MAKE Consulting has released its list of the top 15 global wind turbine suppliers of 2013. According to the report, Vestas has maintained its No. 1 spot, GE has dropped from second to sixth place, and Chinese original equipment manufacturers (OEMs) have secured over half of the top positions.
The top 15 turbine suppliers of 2013, with their respective market shares, are as follows:
1. Vestas – 13.2% (also held the No. 1 spot in MAKE’s top 10 list of 2012)
2. Goldwind – 10.3% (up from No. 7 in 2012)
3. Enercon – 10.1% (up from No. 5)
4. Siemens – 8.0% (down from No. 3)
5. Suzlon Group – 6.3% (up from No. 6)
6. GE – 4.9% (down from No. 2)
7. Gamesa – 4.6% (down from No. 4)
8. United Power – 3.9% (same position as in 2012)
9. Mingyang – 3.7% (up from No. 10)
10. Nordex – 3.4% (did not rank in MAKE’s 2012 top 10 list)
11. XEMC – 3.2%
12. Envision – 3.1%
13. DEC – 2.3%
14. Sinovel – 2.3% (down from No. 9 in 2012)
15. Sewind – 2.2%
Following a tough 2012, the Chinese market rebounded in 2013, with a 16% year-over-year (YOY) increase in installations. MAKE says this strong year in China – coupled with contraction in Western markets, especially in the U.S. – pushed several Western OEMs down the rankings, as exemplified by GE, whose No. 2 spot was taken by China’s Goldwind.
MAKE Consulting’s Luke Lewandowski explains why GE fell to sixth place in the rankings.
“GE couldn’t overcome the combination of 80 percent less capacity grid-connected in the U.S. and nearly 500 MW of installed-yet-not-grid-connected capacity in Brazil,” says Lewandowski. “GE did have a strong year in Asia Pacific, excluding China, but any gain was offset by less capacity connected in Europe YOY.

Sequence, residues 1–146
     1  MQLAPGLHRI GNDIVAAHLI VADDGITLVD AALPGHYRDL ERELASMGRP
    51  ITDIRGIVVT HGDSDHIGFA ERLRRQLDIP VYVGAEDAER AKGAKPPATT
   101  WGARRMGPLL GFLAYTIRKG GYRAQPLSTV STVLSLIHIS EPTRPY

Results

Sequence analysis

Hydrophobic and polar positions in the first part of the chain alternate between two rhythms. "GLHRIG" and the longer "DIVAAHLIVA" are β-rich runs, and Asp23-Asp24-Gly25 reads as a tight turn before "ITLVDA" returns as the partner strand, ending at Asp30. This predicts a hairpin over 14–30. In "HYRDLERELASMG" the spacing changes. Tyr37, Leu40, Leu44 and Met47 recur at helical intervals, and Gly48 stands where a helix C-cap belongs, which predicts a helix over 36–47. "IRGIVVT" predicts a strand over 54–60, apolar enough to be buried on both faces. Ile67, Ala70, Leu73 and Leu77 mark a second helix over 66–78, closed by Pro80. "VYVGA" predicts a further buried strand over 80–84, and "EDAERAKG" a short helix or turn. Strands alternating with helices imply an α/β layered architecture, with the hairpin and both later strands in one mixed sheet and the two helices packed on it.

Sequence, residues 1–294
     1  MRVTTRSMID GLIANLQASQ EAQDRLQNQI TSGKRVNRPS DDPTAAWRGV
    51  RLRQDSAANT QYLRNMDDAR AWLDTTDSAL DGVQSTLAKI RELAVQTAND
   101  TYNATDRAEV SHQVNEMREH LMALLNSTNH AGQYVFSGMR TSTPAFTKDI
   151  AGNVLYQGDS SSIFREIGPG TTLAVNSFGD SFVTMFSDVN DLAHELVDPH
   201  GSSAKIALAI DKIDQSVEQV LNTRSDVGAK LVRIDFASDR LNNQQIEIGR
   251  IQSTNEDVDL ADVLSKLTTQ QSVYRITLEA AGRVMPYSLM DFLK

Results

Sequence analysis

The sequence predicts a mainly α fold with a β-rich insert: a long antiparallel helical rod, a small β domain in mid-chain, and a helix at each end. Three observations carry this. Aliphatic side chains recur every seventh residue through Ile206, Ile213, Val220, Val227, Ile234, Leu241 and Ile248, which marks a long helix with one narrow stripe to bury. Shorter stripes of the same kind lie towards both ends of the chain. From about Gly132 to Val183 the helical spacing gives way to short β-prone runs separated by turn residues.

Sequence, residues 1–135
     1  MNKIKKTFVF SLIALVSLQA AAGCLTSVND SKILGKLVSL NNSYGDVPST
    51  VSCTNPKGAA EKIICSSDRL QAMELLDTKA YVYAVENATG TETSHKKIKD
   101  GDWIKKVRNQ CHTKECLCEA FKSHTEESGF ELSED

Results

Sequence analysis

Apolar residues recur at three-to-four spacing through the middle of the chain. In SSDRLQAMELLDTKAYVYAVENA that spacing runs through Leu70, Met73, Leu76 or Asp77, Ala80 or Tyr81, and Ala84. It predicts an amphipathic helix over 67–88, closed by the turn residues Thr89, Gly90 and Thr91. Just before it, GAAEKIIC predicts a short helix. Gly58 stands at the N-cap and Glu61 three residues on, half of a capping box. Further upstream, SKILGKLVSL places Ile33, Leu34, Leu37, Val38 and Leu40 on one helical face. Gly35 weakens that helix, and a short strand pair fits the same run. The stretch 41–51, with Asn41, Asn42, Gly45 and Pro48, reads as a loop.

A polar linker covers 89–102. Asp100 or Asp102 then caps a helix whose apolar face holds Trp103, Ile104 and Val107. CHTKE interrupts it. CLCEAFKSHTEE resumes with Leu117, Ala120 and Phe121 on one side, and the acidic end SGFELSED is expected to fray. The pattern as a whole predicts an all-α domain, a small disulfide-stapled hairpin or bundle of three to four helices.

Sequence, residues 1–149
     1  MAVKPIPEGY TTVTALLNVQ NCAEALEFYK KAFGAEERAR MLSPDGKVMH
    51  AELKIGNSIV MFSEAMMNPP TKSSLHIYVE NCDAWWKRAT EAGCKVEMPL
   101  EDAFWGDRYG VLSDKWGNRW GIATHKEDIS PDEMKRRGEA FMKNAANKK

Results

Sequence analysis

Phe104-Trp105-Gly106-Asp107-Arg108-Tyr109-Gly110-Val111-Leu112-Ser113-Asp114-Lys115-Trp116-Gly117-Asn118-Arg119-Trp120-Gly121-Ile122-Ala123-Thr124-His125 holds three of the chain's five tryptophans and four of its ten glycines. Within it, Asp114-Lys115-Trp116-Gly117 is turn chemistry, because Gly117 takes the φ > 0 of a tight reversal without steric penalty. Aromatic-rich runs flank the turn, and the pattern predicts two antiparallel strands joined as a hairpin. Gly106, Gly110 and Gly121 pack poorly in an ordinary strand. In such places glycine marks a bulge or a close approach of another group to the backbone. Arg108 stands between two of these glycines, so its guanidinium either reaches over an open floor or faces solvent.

“It is important to note that even if the capacity not yet connected in Brazil had been added to GE’s total, its global position would have remained in sixth place,” Lewandowski continues. “Thus, the main story line is the huge drop in U.S. opportunity in 2013. GE needed roughly 1.95 GW of additional grid-connected capacity in 2013 to maintain its second-place position, a possibility in an ordinary year in the U.S.”
Despite financial struggles, Vestas maintained its position as the world’s largest turbine OEM in 2013, and the company has welcomed the news.
“Vestas has been through a tough two-year turnaround process to return to profitability,” says CEO Anders Runevad. “That we simultaneously achieved our financial goals in 2013 and solidified our market leadership is a testament to the strength of the company.”
According to the report, the majority of the top 15 OEMs saw market increases, especially Chinese OEMs such as Goldwind and Envision. Although Chinese OEMs experienced a very positive 2013, MAKE says it should be noted that their success was highly dependent on the status of their home market.
Excluding the China market, no Chinese turbine OEMs would have made the global top 10 – a distinction that MAKE says highlights the challenges in competing against established global companies outside of China.
MAKE says the biggest winners from the West were Enercon and Nordex, which secured some of the highest market share gains, boosted by a record year for added capacity in Germany. The report adds that Siemens had a massive lead in the offshore wind sector – reflecting the successful sale of its G4 platform – but struggled in the onshore wind sector, with a 58% decrease YOY in new onshore installations.